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July 25, 2017

Advancing the digitisation agenda – How to create legally enforceable digital contracts

It's time to cut out those costly human flaws and reduce the financial burden.

By James Nunns

$15 trillion a year in financial agreements still depend on manual or fragmented processes. They are inefficient, prone to human error and, often, legally unenforceable.

They are, in short, a huge risk to businesses. Risks created by substandard agreement procedures, as well as those that include a human element, have contributed to the $204billion that financial institutions have been fined since 2008 (CNBC).

Abe Smith, CEO and Founder of Dealflo.

Events such as the PPI miss-selling scandal in the UK exposed a flaw in financial services companies’ procedures when dealing with customers: they lacked the evidence to prove that correct and compliant processes had been followed. When customers claimed that they had not seen or understood the terms and conditions of loans, regulators stated that the onus was on lenders to prove otherwise.

With the evidence to fight these challenges almost impossible to gather, millions of agreements were rendered unenforceable. That flaw has cost financial institutions a massive £26.9 billion in PPI compensation claims since 2011, according to monthly figures released by the FCA.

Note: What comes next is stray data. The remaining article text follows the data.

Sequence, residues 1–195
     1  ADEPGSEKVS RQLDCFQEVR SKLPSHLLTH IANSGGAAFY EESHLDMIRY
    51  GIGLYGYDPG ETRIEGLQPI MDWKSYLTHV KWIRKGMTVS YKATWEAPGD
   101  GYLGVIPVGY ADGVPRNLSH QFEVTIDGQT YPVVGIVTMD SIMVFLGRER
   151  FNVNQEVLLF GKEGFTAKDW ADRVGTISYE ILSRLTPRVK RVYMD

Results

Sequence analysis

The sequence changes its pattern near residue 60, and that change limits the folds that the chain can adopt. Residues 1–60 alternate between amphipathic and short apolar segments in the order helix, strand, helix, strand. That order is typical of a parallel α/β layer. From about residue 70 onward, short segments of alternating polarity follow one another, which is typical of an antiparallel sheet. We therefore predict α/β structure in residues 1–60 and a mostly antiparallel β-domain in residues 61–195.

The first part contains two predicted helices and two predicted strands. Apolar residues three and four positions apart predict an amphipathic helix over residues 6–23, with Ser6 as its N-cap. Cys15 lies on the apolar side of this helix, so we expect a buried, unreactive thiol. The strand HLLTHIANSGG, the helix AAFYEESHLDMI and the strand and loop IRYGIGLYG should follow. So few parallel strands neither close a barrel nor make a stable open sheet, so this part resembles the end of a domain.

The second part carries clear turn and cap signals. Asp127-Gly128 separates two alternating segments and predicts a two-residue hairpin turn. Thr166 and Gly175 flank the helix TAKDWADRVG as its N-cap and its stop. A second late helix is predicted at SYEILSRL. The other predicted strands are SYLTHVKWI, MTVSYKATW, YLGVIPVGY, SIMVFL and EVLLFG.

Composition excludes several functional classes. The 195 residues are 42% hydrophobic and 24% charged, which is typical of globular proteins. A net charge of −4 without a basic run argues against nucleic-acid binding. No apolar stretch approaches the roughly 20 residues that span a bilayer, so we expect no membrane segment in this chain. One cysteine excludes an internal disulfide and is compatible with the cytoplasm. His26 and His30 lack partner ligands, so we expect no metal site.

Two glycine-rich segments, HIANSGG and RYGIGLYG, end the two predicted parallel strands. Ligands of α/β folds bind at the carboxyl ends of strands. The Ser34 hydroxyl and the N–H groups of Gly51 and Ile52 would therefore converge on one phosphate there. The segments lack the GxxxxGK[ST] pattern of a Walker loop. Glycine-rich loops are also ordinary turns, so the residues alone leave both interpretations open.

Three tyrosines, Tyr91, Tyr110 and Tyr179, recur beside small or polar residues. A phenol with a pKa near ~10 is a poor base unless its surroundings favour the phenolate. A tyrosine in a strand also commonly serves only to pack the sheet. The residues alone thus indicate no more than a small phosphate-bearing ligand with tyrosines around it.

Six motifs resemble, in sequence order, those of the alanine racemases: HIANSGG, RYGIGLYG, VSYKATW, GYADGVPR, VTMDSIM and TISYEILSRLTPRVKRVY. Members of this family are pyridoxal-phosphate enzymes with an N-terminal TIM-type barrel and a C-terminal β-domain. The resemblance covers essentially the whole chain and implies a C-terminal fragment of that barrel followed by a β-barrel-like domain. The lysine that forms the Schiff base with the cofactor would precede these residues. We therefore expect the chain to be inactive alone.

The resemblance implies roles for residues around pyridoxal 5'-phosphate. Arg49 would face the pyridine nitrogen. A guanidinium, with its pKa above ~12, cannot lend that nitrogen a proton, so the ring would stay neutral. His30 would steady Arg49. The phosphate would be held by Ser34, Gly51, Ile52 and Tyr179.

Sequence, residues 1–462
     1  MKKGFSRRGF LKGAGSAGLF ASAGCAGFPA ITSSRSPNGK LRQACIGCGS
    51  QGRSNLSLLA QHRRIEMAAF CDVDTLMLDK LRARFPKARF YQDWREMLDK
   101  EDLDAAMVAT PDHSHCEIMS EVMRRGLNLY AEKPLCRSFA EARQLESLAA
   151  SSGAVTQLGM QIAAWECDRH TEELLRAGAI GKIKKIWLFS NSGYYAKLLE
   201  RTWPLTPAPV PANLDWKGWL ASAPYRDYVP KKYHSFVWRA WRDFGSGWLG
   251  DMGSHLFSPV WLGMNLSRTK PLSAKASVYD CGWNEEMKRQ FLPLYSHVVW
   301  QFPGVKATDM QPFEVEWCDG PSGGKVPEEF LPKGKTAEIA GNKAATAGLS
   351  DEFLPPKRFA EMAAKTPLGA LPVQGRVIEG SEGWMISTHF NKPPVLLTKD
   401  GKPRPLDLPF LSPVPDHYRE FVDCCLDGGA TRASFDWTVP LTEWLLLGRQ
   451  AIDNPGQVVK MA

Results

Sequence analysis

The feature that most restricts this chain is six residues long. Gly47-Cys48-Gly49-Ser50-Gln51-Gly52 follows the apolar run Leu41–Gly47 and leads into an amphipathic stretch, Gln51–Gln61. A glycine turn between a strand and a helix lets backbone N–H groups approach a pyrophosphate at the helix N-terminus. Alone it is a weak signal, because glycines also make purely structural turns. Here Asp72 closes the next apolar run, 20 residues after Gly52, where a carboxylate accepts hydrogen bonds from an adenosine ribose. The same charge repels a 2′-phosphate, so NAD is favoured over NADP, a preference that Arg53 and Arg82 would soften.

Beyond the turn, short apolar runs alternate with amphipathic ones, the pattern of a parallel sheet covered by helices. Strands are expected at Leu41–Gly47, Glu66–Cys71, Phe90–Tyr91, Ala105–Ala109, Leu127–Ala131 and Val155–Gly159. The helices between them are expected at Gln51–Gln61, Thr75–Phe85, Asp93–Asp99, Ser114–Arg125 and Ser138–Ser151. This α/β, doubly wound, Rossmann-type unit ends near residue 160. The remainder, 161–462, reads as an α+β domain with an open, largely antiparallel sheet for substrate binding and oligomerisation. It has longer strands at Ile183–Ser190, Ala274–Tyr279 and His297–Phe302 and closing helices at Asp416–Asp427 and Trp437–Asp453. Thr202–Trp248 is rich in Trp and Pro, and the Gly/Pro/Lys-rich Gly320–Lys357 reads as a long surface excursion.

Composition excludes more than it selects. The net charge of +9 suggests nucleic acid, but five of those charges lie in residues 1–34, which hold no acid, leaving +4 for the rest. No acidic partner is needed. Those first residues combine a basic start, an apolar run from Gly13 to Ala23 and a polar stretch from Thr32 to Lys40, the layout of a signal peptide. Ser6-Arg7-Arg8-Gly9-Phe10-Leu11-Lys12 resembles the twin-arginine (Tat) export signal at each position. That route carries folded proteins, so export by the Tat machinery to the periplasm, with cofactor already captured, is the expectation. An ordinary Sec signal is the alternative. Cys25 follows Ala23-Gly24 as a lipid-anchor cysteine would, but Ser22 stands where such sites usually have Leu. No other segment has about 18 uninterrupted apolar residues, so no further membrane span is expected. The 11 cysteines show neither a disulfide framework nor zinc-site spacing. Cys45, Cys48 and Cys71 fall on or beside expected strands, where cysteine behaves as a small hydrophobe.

To fix this flaw, financial services companies must be able to ensure and then prove that a compliant onboarding and agreement process has taken place, and that the customer was aware of the terms of the agreement they were entering into at the time the agreement was made.

That means evidencing the process at every stage – from checking the customer’s identity right through to ensuring that they read the small print. Even if you have that evidence, you must be able to show it in a way that’s easy for a regulator or judge to understand, and prove that it couldn’t have been tampered with during, or after the process.

If you’re dealing with paper, that whole process can be a massive headache. Even when companies have attempted to automate part of the process, for example using electronic signature as part of anti-impersonation measures, they can’t prove that that the entire agreement process was compliant. How do you prove, for example, that the customer spent time reading the contract or received pre-contract information prior to signing?

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It is time for a complete overhaul of how financial agreements are managed. Large finance companies are starting to ask the right questions: how can they automate the whole process to reduce risk? How can they minimise reliance on humans to create watertight contracts? How can they protect themselves from challenges of mis-selling?

To create an enforceable agreement of any sort, a financial institution must prove four ‘Is’ in the event of a challenge: